Twitter Facebook LinkedIn Email
Published on 10th July 2018 by lauram

Our new blog series will give tips on each section of the UCAT. This blog focuses on UCAT Verbal Reasoning tips. This blog will cover how to answer each question type and includes a practice question at the end!

You can learn expert strategies for Verbal Reasoning on our UCAT Course. Book a space here!

Book a space on our UCAT Course

What is UCAT Verbal Reasoning?

UCAT Verbal Reasoning involves reading a 200 to 300 word passage of text. After this, you have to answer four related questions. It involves two types of questions: True/False/Can’t Tell and Free Text. You can find out more about these two question types – and tips on how to approach them –  on our UCAT guide.

Read more about UCAT Verbal Reasoning

5 UCAT Verbal Reasoning Tips

Verbal Reasoning can seem very challenging: there isn’t a lot of time to read and assimilate the information, so you must think smartly and efficiently. Here are some UCAT Verbal Reasoning tips to maximise your potential for a good score.

Want UCAT tips delivered straight to your inbox? Sign up to our weekly newsletters here!

Sign up here

1. Practice your reading speed

This is one of the most important UCAT Verbal Reasoning tips. Try skim reading books or newspapers, and see if you can summarise the argument to a friend. Being able to do this will save you a lot of time when it comes to sitting the UCAT!

See 5 most common UCAT queries answered>>

2. Read the question first

This is key for free text question types. Reading the question first will save you a lot of time scanning the passage, so your reading can be more focused.

3. Understand what true and false actually mean

Too often I remember people sitting at their Verbal Reasoning mock questions and saying ‘I think that could be true or that could be false’, when there was in fact not enough information given.

A statement is true if it follows logically from the information you have read in the passage and the opposite for false if it doesn’t follow logically. If you cannot decide if the statement follows logically then the correct response is most likely ‘can’t tell’.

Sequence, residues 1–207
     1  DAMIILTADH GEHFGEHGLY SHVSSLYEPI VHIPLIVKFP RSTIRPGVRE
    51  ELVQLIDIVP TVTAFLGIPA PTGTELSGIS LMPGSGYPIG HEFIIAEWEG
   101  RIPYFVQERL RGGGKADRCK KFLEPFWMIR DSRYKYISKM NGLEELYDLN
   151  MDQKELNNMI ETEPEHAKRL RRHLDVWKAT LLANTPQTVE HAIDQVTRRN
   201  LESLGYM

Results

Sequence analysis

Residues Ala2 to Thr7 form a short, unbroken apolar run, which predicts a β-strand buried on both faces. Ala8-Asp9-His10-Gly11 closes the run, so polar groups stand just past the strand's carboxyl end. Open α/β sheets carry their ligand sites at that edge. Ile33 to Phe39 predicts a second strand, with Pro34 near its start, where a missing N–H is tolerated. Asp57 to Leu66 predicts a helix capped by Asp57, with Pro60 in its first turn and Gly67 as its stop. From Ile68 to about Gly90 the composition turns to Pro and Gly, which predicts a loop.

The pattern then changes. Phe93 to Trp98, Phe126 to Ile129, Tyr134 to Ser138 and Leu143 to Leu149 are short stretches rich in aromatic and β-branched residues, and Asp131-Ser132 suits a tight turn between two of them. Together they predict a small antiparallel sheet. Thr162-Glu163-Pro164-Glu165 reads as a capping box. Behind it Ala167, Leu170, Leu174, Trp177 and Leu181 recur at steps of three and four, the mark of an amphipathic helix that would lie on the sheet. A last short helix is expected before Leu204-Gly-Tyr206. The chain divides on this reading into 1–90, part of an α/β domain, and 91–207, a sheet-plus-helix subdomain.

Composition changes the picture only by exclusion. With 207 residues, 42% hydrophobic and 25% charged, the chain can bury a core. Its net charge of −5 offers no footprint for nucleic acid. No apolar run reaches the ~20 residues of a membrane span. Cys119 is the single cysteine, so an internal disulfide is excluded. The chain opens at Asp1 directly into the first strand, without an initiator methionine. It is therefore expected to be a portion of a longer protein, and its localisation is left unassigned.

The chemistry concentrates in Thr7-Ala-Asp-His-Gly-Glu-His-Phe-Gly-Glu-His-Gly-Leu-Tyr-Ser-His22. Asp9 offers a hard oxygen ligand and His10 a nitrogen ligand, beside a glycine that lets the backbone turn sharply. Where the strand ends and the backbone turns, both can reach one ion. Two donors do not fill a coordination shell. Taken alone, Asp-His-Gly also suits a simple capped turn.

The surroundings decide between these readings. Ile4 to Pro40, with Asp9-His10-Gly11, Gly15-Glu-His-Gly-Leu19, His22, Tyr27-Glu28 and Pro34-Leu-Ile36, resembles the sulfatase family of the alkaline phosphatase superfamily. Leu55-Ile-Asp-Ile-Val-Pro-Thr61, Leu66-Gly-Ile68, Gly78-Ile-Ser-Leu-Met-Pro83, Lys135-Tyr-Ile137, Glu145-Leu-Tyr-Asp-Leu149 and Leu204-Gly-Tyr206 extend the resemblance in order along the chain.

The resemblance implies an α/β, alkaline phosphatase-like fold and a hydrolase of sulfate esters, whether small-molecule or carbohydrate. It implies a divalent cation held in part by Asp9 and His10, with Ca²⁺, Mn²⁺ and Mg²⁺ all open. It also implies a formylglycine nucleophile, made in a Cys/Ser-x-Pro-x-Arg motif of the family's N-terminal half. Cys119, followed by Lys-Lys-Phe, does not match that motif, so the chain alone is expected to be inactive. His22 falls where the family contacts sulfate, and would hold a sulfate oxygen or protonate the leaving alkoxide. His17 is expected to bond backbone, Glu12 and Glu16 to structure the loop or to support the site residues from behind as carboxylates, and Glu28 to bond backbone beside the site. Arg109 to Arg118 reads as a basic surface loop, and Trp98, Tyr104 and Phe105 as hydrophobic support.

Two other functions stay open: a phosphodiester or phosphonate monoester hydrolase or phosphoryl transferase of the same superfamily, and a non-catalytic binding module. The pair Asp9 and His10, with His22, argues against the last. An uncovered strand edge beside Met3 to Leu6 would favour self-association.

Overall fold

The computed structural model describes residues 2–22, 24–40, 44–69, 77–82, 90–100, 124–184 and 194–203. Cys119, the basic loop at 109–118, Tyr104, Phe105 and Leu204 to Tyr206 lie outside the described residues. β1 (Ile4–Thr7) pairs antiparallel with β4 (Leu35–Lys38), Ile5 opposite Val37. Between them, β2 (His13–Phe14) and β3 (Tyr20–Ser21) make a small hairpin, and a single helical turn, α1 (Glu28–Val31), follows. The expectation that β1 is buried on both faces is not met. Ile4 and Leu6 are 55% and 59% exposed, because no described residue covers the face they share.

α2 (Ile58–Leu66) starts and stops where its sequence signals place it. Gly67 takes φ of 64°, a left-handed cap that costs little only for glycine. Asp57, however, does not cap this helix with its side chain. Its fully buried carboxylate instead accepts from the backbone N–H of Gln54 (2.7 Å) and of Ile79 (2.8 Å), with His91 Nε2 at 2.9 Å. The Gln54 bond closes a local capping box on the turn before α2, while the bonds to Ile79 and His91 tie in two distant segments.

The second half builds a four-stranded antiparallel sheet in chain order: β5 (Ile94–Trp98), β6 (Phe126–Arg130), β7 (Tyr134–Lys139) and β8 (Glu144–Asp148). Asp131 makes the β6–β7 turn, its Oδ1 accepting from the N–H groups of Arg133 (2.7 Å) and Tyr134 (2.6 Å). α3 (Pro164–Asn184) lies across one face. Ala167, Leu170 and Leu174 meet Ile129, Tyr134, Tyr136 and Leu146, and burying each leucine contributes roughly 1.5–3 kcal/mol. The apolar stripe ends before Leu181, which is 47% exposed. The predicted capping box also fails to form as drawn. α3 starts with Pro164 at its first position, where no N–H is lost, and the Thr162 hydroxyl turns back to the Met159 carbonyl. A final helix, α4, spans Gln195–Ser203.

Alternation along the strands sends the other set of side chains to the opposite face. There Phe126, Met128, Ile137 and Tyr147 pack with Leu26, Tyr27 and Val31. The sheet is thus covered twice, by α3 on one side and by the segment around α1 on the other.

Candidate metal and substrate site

Read 3 tips to kick-start your UCAT practice>>

4. Don’t think too deeply about what you’re being asked

The examiners know that you don’t have a lot of time to complete each section, especially in Verbal Reasoning. They are not trying to trick you out, so do take statements at face value. If you spend too long thinking around the statement, you’ll get yourself confused and waste time. It’s quite likely that if you have to think too much about an answer it is probably ‘Can’t Tell’.  

Read 5 things you need to know before beginning UCAT prep>>

5. If you’re running out of time go with your instinct

A crucial part of UCAT Verbal Reasoning tips! Some people are Verbal Reasoning wizards and manage to make it through the entire section with a few seconds to spare – but most of us are not. This is part of the reason why it is key to skim read each passage. If you are running out of time just go with your gut instinct in a high pressure situation – it is often right. Don’t take time to doubt yourself as it’s not a good use of the time.

I hope these tips help in making the Verbal Reasoning section a bit easier to navigate and gives you a more ordered approach to tackle it. Some people are naturals at it but most people aren’t, so keep practising and you’ll be able to score well in not just Verbal Reasoning but the whole UCAT.

See how to create an effective UCAT timetable>>

Try one of our quizzes:

UCAT Verbal Reasoning Question

In addition to the above, one of the best UCAT Verbal Reasoning tips is to practice! Try a Verbal Reasoning question below…

Scientology is a body of beliefs and practices, started in 1952 by science fiction writer L Ron Hubbard. Hubbard was succeeded by the current leader of Scientology, David Miscavige, in 1987.

The Church of Scientology was granted tax exemption by the US Inland Revenue Service in 1993, on this basis that it was a ‘religion’. Scientology is also recognised as a religion by countries including Sweden, Spain and Portugal. However, other nations, like Canada and the United Kingdom, do not afford Scientology religious recognition. Many people go as far as to suggest that it is a cult, on the basis that it brainwashes and extorts its followers. This is because it is impossible to ascend the ranks of the Church of Scientology without paying cash to advance through the various levels, which range from ‘Clear’ to Operating Thetan Levels I through XV.

It can be widely read on the internet (which practising Scientologists are deterred from using), that Scientology scriptures make reference to a character named Xenu. As dictator of the “Galactic Confederacy”, Xenu supposedly brought billions of his people to Earth 75-million years ago, stacked them around volcanoes and killed them using hydrogen bombs. Some Ex-Scientologists have said that the Church of Scientology only tells its followers about Xenu when they reach Operating Thetan Level III.

Perhaps the most famous practitioner of Scientology is Tom Cruise, who is an Operating Thetan Level VII. David Miscavige was Tom Cruise’s best man at his wedding to Katie Holmes in 2006. Cruise has spoken in favour of the Church of Scientology many times since joining in it in 1990.

  • This field is for validation purposes and should be left unchanged.

Want more UCAT Verbal Reasoning questions? Try our UCAT Question Bank!

See more VR questions

Words: Ruari McGowan


Loading More Content